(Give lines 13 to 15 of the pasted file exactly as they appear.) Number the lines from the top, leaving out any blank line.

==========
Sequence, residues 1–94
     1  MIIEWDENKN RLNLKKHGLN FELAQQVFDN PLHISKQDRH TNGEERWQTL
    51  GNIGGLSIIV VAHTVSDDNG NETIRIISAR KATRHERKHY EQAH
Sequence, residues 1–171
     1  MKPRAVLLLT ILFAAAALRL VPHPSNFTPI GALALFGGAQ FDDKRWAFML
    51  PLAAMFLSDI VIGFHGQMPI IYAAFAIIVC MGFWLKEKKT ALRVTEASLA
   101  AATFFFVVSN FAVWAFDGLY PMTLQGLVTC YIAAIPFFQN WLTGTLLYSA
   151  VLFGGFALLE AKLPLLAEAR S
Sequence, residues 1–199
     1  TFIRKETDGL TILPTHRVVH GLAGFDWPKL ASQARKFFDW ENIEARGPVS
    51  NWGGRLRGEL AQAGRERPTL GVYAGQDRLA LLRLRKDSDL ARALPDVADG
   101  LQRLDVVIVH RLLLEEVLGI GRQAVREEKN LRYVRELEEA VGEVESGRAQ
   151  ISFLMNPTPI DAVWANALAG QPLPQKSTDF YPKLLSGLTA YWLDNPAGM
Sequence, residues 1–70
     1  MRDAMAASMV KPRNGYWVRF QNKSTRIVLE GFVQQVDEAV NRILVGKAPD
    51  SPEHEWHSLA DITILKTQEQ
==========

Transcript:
   151  ISFLMNPTPI DAVWANALAG QPLPQKSTDF YPKLLSGLTA YWLDNPAGM
Sequence, residues 1–70
     1  MRDAMAASMV KPRNGYWVRF QNKSTRIVLE GFVQQVDEAV NRILVGKAPD